The mother of a disabled child whose energy bill almost quadrupled in a year said she feels the Government is “turning its back” on the most vulnerable families.
Karen Tilley had hoped for tailored financial help for people who have to run ventilators and other medical machinery as she told how her gas and electric payments have risen to about £470 per month, up from around £120 a year ago.
Her 16-year-old daughter Josselin – who is blind and deaf from birth – needs a ventilator at night due to a rare condition called Charge syndrome, with the set-up at their home in Wiltshire described by Ms Tilley as being like a “mini intensive care unit”.
Her husband Lee also requires a ventilator at night after he suffered a stroke having been in a coma after he fell ill with Covid two years ago.
She said seeing her energy bills rise has been “worrying” and detailed the cutbacks her family has had to make.
She told the PA news agency: “We’ve had our house a lot colder than usual this year and we’ve not been using things like the tumble drier and trying to use the slow cooker, and not putting the oven on for just one thing. We’ve never made cutbacks as much as this before.”
After seeing the Budget highlights on Wednesday, she said she was left “disappointed” at the announcements.
She told the PA news agency: “There hasn’t been anything to help families like ours at all. I think that they just have got no awareness of families like ours. They haven’t really given any consideration to people living with serious medical conditions.”
She said: “Josselin can’t walk, talk, read or write. So, they’re (the Government) are not considering the really disabled people who will never, ever work in their lifetime and disability benefits will always be their only income.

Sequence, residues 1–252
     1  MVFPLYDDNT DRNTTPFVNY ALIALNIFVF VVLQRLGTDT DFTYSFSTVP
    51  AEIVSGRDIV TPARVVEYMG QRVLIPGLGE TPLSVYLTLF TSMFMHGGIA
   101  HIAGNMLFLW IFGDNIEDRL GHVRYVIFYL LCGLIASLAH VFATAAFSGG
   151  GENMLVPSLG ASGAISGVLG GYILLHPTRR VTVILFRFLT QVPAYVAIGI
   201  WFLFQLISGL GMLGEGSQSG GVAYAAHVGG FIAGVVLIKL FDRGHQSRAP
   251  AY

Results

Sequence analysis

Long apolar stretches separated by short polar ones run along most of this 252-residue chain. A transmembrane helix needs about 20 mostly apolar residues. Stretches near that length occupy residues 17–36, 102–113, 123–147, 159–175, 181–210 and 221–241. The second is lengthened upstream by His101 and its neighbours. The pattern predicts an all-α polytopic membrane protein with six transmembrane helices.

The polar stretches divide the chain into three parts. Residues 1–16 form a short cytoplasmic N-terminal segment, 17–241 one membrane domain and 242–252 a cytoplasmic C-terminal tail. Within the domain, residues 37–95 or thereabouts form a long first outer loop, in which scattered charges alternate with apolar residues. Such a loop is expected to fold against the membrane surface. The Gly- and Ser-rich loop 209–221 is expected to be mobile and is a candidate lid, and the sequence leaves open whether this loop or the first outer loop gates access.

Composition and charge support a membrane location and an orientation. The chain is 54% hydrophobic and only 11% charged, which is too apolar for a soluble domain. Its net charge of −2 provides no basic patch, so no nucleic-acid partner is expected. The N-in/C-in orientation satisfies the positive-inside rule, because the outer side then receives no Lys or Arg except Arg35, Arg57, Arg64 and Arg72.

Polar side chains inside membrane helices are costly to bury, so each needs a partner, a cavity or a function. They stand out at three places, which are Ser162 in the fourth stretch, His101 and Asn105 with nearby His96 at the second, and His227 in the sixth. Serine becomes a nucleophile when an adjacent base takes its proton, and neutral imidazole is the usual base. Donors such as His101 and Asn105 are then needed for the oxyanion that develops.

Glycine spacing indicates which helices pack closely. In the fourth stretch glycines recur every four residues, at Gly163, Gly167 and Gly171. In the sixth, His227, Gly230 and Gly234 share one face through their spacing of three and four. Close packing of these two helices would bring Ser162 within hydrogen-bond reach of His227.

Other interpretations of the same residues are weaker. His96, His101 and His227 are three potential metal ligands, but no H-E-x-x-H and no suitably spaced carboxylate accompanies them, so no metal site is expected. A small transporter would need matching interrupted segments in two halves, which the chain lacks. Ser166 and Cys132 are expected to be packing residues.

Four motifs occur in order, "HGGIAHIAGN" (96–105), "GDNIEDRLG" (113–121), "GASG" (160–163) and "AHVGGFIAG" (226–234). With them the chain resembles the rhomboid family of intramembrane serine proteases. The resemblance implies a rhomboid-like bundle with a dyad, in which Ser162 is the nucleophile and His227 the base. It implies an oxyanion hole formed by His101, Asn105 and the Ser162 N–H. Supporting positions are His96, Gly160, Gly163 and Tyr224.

“They’re just really turning their backs on those people who are the most vulnerable and most disabled.”
With the news that her daughter requires heart surgery in six weeks, Ms Tilley said it means she will not be able to work while Josselin recovers.
She said: “It’s going to be tough times ahead for us really and we’ll have the same costs to pay.”
Ms Tilley said she had seen comments on social media referring to such benefits as “handouts”, but said most people are not aware of the realities for disabled families.
She said: “DLA (disability living allowance) is for children under 16, where at least one parent – or there might only be one parent – has had to give up their job to look after their disabled child, so it really isn’t a massive amount of money at all.
“It’s something but it certainly not like a massive handout – you can’t live a lavish lifestyle on disability benefits at all.”
She said while the allowance helps towards extras like washing, light and heating, she feels the Government is “not acknowledging the people that are having to use medical machines that consume a lot of energy and it’s a different cost to what other people with disabilities would have”.